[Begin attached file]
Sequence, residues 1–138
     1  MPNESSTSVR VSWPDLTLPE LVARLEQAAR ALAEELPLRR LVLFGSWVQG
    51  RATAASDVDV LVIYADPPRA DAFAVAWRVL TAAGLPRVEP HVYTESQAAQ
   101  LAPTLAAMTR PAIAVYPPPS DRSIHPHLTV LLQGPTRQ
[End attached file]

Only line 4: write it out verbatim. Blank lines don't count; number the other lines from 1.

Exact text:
   101  LAPTLAAMTR PAIAVYPPPS DRSIHPHLTV LLQGPTRQ